This Sudoku solver in Excel will help you solve a sudoku puzzle with brute force. This Sudoku solver, has been written in VBA and incorporates a brute force algorithm which helps its solve some of the toughest sudoku puzzles using nothing more than an excel spreadsheet.
In this article we will talk about how to develop a Sudoku solver using code in Excel, discover the tips that allow the player to solve any Sudoku puzzle and discuss the use of brute force when trying to solve a Sudoku puzzle.
How to develop a Sudoku Solver in Excel using VBA code
If you are not very well versed with the concept of a solving a Sudoku puzzle, I would suggest that you read through the two sections below, before returning to this section. Developing a sudoku solver is pretty easy if you keep these simple rules in mind:
Quickly generate the list of likely numbers that can be placed in a particular cell
For a Sudoku solver to begin solving a puzzle, the first step is to quickly create a list of all possible numbers that can ever be placed in a cell. A number becomes a likely candidate for being placed in a cell when:
- It is not already in place in any cell in that row AND
- It does not occupy in place in any cell in the column to which the cell under consideration belongs AND
- that the number is not present in any cell of the 3×3 grid to which that particular cell belongs.
So in our code, we make each of the numbers from 1 to 9 pass through all these conditions. Only when a number meets all these criteria, we add that number to the list of likely number for a particular cell. Using VBA, we first define a 2-dimensional 9×9 array to store all the existing numbers in the (partially filled) Sudoku. Then we proceed on to creating a 3-dimensional 9x9x9 array in VBA Excel such that each cell in the 2-dimensional array created earlier is provided with 9 possible slots to accommodate all likely numbers for that cell.
Eliminate likely numbers that can potentially be placed in a cell as fast as possible
Having done that we use a simple method to eliminate numbers in the list of likely numbers. The rule of the thumb here is that if a particular likely number for a cell does not feature as a likely number for any other cell in that row, it must be the right number to be placed in that cell. The same rule applies for the column in which that cell exists and the 3×3 grid to which that cell belongs. If any of the three conditions are met, you can safely place that particular likely number in the cell under consideration.
Move from one cell to another in an iterative manner
Although newer computers can run this code in a matter of milliseconds, it does not hurt if the sudoku solver code is optimized so that unnecessary iterations are avoided. However, what helps in speeding up the process is that we have read the numbers from the Excel spreadsheet and have placed in an array which resides in the memory. Any subsequent operations will therefore be carried out in memory rather than having to reference one cell at a time, and consequently will be much faster.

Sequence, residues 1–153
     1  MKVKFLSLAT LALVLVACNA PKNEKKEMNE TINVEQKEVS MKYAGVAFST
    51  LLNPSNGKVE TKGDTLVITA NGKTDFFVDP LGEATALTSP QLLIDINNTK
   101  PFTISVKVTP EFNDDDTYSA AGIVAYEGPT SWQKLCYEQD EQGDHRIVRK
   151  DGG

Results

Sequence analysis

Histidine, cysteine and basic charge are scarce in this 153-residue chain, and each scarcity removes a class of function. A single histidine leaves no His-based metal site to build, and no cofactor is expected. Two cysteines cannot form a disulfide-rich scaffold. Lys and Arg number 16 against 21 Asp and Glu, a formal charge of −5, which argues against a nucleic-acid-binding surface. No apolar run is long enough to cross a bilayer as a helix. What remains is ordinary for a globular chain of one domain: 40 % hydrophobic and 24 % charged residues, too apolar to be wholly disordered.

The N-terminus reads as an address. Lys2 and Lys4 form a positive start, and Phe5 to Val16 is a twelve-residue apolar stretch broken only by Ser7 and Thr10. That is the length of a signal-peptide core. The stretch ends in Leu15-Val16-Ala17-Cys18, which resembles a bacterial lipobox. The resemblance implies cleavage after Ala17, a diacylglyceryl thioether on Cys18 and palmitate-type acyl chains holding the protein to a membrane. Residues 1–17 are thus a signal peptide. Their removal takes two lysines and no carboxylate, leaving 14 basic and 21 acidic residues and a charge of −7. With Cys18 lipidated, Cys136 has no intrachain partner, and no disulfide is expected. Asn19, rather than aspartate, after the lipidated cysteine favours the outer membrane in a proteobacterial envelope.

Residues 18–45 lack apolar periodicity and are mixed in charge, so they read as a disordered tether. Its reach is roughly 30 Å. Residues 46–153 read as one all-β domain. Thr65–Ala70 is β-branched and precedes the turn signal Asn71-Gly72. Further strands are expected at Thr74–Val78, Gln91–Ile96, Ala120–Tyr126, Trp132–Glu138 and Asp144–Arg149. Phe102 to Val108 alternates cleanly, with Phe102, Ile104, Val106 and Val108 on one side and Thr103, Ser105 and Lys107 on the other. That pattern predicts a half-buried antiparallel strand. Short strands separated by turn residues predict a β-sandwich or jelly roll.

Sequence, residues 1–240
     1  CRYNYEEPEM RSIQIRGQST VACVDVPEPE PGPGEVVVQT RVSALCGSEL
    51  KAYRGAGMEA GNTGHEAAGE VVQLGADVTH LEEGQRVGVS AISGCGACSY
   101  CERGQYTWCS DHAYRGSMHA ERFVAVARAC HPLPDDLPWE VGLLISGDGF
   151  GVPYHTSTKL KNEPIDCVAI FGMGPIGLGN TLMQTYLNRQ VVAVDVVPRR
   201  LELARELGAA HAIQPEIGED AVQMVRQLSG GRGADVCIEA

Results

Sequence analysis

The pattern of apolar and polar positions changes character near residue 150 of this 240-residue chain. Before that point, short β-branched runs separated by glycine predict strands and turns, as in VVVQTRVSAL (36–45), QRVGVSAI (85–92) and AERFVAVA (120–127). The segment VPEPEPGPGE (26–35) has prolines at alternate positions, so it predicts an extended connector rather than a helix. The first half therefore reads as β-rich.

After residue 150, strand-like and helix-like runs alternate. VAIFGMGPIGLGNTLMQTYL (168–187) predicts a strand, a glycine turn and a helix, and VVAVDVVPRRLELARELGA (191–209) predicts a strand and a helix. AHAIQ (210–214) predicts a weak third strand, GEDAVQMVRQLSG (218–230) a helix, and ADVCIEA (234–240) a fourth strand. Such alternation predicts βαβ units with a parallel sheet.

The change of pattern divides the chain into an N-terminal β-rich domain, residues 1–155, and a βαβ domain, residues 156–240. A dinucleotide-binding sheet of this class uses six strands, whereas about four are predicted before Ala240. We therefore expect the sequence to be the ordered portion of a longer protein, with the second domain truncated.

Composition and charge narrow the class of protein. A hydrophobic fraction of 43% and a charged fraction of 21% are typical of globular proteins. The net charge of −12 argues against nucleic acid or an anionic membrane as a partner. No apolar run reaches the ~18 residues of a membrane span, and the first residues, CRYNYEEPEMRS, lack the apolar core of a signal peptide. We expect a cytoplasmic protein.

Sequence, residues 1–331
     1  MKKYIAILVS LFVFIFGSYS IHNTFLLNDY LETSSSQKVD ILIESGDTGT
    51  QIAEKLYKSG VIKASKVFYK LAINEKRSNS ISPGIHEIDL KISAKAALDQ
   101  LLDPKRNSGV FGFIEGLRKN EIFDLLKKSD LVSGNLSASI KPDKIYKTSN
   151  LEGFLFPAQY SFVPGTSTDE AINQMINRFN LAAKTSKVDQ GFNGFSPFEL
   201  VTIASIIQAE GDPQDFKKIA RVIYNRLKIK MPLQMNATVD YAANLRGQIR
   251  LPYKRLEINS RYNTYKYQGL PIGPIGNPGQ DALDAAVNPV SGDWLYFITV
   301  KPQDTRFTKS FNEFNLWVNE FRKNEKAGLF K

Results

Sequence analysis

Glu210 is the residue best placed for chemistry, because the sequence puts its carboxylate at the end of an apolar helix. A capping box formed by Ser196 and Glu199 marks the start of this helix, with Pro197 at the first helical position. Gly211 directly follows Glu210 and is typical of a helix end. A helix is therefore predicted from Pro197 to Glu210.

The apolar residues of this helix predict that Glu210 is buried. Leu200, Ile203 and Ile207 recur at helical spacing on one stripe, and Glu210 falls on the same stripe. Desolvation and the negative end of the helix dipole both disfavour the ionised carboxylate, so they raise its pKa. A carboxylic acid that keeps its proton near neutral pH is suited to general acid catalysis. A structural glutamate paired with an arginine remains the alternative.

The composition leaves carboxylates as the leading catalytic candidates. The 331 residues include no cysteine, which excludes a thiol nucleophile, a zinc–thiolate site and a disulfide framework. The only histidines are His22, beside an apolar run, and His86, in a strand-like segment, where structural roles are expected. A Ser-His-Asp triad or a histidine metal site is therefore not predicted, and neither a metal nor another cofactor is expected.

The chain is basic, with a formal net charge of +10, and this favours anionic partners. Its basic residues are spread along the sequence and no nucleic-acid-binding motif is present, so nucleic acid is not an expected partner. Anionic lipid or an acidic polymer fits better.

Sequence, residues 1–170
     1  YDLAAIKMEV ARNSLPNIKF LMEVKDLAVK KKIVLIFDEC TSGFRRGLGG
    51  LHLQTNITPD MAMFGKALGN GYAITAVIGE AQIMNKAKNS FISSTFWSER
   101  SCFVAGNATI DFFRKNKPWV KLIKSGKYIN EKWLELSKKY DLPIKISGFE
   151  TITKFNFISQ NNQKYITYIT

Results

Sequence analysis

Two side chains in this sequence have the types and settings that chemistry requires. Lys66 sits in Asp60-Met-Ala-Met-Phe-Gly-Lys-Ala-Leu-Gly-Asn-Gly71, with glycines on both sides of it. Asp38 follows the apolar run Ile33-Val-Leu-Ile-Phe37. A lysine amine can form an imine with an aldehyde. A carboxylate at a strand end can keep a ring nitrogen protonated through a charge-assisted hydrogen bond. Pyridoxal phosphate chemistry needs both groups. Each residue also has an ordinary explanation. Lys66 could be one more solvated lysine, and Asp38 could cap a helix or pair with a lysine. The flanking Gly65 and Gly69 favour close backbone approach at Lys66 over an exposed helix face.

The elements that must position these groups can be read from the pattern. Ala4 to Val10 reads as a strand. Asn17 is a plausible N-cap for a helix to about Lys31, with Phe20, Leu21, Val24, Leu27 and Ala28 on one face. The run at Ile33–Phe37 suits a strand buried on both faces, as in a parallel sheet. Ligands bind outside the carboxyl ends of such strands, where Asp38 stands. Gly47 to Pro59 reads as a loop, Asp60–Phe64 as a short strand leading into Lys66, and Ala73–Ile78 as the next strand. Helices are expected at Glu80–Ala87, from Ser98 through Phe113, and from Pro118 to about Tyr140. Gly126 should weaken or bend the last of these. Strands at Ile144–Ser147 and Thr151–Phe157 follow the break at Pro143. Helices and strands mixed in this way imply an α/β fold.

Using brute force to solve a Sudoku puzzle in Excel
All the steps that we have covered previously try solving Sudoku puzzles in Excel using conventional logic of eliminating likely numbers that can be placed in cell, one by one. However there are times that this approach can fall short. This happens in cases when we cannot reduce the list of likely number for the remaining cells any further and still have blank cells in the Sudoku puzzles. A normal sudoku solver in such cases will get stuck. Solving this category of Sudoku puzzles requires some amount of guesswork or in computer terms, brute force. So how do we do it?
Well, we simply take the first empty cell and apply the first value from its list of likely numbers to that cell. We then try solving for all the other cells using the steps described previously. If it works, fine. If it does not, we simply pick up the next likely value for that cell in the spreadsheet and apply that instead and try resolving for the rest of the cells. And so and so forth.
The last two sections deal with the basic of a Sudoku puzzle and would be helpful if you are learning about sudoku puzzles for the first time.
The steps that we employ in developing the Sudoku solver in Excel are:
1. Read the partially filled Sudoku puzzle from the Excel Spreadsheet into a 9×9 array.
2. Create a new 9x9x9 array and fill it up with the list of likely numbers for each cell of the 9×9 array.
3. Eliminate as many likely numbers in the 9x9x9 array as possible so that we are left with only one choice per cell (for as many cells as possible)
4. Once any particular cell in a 9×9 array has only one possible option left, we quickly fill up that cell and discard all the likely values that we might have had for that cell.
5. We iterate till such time that the Sudoku puzzle is either completely filled or we come to a standstill using this method.
6. If required, we use brute force and guess work to fill the remaining values.
Basics of a Sudoku Puzzle – Logic and Development
Sudoku is a number combination puzzle. The objective is to fill a 9×9 grid so that every column, every row, and each of the nine 3×3 square boxes contains each of the digits from 1 to 9 once each without repetition. Typically a Sudoku puzzle will feature a partially completed grid that the player has to fill in the remaining numbers. According to Wiki, the puzzle was invented by the American architect Howard Garns in the year 1979. Although being able to complete a Sudoku in itself is an achievement, it is possible for two players to play against each other. However, different Sudoku puzzles can and do differ in their difficulty levels with some of the tougher ones requiring some amount of guesswork.